The MOOC Revolution that Wasn't

Dialog around our vision, and how to achieve it
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The MOOC Revolution that Wasn't

Post by ulisp10 »

In this article about the early years of Massive Open Online Courses [ ... ccounter=1], the author reports disappointing results of MOOCs: Originally hailed as a revolution in learning, MOOCs have seen disappointing course completion numbers. Coursera and Udacity, two of the most prominent online learning hubs, have seen about 8 million enrollments in the past few years. Unfortunately, half of those students didn't even watch a single lecture, and only a few hundred thousand completed the course they signed up for.
(summary from [])

This is not directly relevant for the WDUi, as we do not plan for 'massive' online courses. But the poor outcome of those online courses, which are often produced by professionals with a lot of effort, raises doubts in me if we should offer educational resources which are made for 'consumption by users'. Many of these offerings remind me of Nuremberg Funnels []. This is not my idea of 'dignified learning'.
"Education is the most powerful weapon which you can use to change the world."
Nelson Mandela
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Re: The MOOC Revolution that Wasn't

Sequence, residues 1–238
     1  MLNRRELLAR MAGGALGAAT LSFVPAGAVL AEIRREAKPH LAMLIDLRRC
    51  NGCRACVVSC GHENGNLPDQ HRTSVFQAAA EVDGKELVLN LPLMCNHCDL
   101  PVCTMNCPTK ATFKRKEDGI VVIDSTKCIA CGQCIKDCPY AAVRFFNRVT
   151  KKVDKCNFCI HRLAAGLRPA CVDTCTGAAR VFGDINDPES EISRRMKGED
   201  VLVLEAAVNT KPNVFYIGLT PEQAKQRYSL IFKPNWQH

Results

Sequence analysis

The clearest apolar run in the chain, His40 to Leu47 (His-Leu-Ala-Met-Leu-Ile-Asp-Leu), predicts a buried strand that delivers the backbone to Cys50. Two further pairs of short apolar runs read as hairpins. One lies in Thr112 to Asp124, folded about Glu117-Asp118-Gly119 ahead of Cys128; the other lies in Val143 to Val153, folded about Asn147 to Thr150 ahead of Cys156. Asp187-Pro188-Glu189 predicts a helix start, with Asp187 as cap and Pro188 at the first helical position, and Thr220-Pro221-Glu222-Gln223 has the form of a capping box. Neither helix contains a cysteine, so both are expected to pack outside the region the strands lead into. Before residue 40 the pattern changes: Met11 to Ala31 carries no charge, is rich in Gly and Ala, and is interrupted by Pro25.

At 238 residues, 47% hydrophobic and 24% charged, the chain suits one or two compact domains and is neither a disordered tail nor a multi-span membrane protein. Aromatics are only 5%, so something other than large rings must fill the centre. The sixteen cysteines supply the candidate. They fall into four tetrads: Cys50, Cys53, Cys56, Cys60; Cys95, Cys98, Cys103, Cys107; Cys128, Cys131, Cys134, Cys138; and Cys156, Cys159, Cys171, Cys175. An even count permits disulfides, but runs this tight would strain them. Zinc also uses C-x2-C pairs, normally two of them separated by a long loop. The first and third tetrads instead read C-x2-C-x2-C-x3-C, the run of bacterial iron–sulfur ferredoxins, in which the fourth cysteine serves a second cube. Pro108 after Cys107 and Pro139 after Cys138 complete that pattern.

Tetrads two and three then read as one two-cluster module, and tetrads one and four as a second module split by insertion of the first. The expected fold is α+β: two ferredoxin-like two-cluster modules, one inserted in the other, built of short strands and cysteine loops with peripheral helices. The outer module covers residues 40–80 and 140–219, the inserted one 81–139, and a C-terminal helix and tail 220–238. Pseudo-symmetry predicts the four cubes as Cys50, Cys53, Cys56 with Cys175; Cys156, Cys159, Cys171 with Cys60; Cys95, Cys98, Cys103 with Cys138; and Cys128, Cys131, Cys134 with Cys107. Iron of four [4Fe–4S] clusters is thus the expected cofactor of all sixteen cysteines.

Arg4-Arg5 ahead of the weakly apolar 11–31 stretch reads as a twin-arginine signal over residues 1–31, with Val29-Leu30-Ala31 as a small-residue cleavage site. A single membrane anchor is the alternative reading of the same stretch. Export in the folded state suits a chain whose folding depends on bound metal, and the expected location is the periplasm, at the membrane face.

Post by DavidYamada »

I've taken and completed several MOOCs, and tried and abandoned a lot more.

A MOOC on "The Science of Happiness" by the UC-Berkeley Greater Good Science Center taken years ago has been my best experience, with lessons sticking to this day.

In my Law and Psychology Lab course, I do require students to do a short Coursera MOOC on Psychological First Aid training (created by Johns Hopkins University), for which they receive a certification if they opt to take all the quizzes. I ask students to give me specific feedback on the experience, and it tends to be very positive, even though it doesn't come close to the interaction of the heart of my course during the semester.

I think we can consider offering some standalone, self-taught courses for the sake of introducing people to content. But I'm hoping that most of our offerings will be interactive and live.
David Yamada
WDUi Director
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